Janet Yellen's testimony on Capitol Hill was a resounding success. She was poised, confident in her decisions, and clear about her intentions at the Federal Reserve. But it was not so much what she said as what was behind it that makes it a tour-de-force performance and shows us that our monetary policy is in the hands of a capable leader.
After some initial tumult, the market has come to accept the scaling back of the Fed's bond-buying program and can even see the many benefits of a taper: higher interest rates will discourage excessive borrowing, prevent the formation of new asset bubbles, and stabilize our economic growth at a realistic level that is fueled by real value creation and not the availability of cheap money.
… What Yellen recognizes is that the most powerful tool in the Fed's toolbox is its credibility. In order for monetary policy to work at all, it is imperative that the markets believe what the Chairman of the Fed says, and be able to rely on the guidance that the Fed gives to price securities.
… Yellen knows that even if she has to reverse course later this year, she is better off doing it in response to undeniable market conditions (when a reversal will be expected anyway) than doing it on a whim now, which would damage the Fed's credibility in the eyes of investors and make its future guidance ineffective.
… Only time will tell whether Yellen's assessment of the current state of our economy is correct, but she is definitely right about policy.
Yellen isn't "right" about policy. In fact, while there is "monetary policy" there shouldn't be. Monetary policy means setting the price and volume of money by force. There's no choice about what the Fed decides. It's a form of price fixing, and price fixing never works.
What Yellen is doing is following a script. The controlled media then writes about her reaction to the limited choices she has as if her decisions were brilliant, though they are not.
This is what's called "directed history." Yellen really doesn't have much to do but make some rather basic decisions – ones that will inevitably prove to be wrong. They cannot be right, as she has no forward-looking indicators she can trust. It's instructive to see how the media covers her actions; we are left with the impression that Western prosperity hangs in the balance, and is based on the wisdom of her choices.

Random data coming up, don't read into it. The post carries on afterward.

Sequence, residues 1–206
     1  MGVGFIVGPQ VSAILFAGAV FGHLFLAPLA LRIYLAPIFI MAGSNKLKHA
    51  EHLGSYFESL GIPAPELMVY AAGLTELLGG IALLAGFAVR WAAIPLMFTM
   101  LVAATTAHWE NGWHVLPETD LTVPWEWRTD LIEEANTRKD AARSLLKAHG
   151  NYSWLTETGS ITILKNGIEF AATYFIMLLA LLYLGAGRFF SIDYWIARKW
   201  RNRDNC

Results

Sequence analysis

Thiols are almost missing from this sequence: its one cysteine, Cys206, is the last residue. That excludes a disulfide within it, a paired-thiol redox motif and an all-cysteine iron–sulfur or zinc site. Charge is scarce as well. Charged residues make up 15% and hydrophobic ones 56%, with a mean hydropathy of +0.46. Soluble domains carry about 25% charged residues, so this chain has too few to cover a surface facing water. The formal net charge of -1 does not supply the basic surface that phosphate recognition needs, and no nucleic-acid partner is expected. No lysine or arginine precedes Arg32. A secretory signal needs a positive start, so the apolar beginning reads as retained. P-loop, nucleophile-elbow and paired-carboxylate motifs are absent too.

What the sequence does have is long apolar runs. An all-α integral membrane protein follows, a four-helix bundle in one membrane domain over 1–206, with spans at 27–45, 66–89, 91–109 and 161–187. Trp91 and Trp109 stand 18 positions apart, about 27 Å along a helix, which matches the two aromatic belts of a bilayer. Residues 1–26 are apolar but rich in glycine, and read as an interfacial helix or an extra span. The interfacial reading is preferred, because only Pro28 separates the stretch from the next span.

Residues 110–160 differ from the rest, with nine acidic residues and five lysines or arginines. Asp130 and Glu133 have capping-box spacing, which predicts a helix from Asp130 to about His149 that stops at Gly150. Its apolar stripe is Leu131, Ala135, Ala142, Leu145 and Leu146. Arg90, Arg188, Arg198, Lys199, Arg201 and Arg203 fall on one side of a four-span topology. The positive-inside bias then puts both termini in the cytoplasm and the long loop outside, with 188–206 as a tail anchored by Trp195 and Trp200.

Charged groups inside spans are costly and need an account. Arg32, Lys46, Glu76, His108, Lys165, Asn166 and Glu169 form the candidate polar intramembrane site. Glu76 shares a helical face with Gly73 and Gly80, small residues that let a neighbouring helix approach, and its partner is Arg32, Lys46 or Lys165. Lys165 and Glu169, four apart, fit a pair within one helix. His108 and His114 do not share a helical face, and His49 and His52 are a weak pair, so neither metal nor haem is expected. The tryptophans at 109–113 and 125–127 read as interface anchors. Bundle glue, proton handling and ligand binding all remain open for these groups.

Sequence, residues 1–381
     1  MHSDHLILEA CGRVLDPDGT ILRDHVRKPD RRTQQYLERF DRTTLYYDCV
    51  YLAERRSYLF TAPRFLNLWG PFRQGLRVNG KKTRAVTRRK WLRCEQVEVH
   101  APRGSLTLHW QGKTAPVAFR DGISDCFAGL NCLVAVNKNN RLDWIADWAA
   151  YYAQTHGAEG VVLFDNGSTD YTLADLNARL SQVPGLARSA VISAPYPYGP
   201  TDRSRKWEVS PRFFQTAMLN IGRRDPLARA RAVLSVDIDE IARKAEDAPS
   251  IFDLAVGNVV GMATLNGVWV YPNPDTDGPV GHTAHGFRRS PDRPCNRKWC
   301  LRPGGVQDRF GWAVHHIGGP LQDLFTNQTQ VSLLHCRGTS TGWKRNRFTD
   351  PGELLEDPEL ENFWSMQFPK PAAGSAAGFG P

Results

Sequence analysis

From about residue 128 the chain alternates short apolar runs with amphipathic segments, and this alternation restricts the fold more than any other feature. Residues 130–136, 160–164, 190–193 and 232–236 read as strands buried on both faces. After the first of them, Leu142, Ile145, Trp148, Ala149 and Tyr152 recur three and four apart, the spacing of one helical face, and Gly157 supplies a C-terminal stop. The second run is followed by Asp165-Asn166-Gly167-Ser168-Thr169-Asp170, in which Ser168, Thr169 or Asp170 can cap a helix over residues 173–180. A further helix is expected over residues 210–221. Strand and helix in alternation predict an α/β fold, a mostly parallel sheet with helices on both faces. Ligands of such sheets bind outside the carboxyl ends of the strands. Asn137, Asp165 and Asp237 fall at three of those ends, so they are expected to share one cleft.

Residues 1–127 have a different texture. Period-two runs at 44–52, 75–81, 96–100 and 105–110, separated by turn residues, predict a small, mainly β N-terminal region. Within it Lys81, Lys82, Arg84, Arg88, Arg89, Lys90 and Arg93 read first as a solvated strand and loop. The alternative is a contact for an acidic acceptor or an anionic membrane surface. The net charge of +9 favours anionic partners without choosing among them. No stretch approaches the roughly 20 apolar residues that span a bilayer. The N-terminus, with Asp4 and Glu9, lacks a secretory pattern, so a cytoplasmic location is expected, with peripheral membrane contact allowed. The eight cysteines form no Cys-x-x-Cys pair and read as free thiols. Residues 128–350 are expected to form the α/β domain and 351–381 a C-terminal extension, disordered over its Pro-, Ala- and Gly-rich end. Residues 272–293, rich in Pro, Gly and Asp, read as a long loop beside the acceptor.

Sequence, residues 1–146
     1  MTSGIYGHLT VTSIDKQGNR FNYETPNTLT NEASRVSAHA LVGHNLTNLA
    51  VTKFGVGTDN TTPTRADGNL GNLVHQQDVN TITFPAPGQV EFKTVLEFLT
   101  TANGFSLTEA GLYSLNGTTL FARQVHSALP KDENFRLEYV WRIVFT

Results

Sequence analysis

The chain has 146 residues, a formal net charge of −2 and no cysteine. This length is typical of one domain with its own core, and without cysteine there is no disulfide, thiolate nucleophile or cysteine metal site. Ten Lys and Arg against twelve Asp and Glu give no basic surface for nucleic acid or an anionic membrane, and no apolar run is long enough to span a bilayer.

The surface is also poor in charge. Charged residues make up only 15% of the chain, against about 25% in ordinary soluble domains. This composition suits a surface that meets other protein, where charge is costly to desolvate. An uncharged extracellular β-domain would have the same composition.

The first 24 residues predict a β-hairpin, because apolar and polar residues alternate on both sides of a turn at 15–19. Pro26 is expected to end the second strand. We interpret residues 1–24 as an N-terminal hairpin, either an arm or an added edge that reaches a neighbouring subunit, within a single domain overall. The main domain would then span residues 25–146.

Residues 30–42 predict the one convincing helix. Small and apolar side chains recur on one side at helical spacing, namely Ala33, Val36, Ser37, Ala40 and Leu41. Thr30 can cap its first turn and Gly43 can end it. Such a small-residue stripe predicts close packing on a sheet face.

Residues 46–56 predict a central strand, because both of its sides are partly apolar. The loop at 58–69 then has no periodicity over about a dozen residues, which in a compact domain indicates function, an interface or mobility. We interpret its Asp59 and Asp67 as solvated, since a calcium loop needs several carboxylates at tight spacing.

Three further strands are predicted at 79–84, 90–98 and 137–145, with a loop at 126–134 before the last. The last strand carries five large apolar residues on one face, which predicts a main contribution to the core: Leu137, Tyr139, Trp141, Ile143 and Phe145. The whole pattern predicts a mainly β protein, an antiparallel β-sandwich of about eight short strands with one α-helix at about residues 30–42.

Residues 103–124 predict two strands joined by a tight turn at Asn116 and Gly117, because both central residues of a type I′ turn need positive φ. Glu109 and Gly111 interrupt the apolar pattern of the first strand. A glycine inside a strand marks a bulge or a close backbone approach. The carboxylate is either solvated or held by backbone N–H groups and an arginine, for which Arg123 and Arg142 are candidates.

We see this sort of faux-reporting in so many other places, as well. Most recently, we are seeing it as regards the blossoming marijuana industry. We are being led to believe that the decline of prohibition is due to the hurly burly of democracy when obviously it is not. The power elite that has orchestrated Yellen's central banking charade is gradually allowing marijuana legalization around the world.
In other articles, we've described how this is working and the way that the industry will move from decriminalization to legalization and then to licensing and regulation that will result in the dominance of only the largest multinationals.
Because we understand the game and how to decipher the elite's dominant social themes, we understand the current marijuana opportunity and also the critical nature of the timing necessary to get in and get out profitably. We are pursuing marijuana as a business opportunity and intend to be big enough to survive the initial shakeouts. Then we shall see how to pursue the business.
Perhaps you can generate a measure of profitability that will compensate you for Ms. Yellen's stewardship over the coming, inevitable price inflation.